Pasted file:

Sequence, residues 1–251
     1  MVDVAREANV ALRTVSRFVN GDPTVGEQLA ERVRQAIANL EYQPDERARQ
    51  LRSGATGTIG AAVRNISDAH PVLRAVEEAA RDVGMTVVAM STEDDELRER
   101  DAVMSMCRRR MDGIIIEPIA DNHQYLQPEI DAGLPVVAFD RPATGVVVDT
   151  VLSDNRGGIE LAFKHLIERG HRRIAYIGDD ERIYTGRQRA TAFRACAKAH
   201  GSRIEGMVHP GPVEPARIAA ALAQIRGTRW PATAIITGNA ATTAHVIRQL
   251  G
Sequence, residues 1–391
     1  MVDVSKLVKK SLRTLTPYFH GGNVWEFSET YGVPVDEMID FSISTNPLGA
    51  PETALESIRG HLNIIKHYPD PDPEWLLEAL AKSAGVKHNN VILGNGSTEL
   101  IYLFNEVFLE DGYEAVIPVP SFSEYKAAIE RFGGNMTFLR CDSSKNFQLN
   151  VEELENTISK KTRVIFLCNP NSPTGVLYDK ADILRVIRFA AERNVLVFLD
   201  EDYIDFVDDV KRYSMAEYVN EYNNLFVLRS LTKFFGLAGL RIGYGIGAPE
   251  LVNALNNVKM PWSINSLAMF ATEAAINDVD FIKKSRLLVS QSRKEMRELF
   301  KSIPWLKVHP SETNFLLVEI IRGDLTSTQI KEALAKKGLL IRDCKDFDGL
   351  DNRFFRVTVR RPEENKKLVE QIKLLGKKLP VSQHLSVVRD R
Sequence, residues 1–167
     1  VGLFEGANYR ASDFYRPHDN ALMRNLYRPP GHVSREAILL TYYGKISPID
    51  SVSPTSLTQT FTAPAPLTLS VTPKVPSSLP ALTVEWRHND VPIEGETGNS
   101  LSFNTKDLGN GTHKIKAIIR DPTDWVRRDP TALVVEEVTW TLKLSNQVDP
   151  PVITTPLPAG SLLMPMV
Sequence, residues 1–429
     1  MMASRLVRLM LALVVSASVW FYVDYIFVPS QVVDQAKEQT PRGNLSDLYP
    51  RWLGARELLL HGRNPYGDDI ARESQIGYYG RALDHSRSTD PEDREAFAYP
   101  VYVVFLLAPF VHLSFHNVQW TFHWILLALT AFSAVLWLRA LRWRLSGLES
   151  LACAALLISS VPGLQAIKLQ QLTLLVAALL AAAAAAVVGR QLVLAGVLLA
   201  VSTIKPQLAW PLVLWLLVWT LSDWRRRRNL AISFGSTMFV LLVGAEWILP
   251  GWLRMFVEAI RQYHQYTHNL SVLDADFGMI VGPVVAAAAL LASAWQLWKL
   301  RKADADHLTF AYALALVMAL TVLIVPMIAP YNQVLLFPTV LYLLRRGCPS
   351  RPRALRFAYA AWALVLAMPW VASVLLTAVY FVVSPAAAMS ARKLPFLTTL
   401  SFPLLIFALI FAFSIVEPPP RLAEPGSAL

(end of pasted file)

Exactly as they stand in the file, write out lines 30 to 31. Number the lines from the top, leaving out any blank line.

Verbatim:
   351  RPRALRFAYA AWALVLAMPW VASVLLTAVY FVVSPAAAMS ARKLPFLTTL
   401  SFPLLIFALI FAFSIVEPPP RLAEPGSAL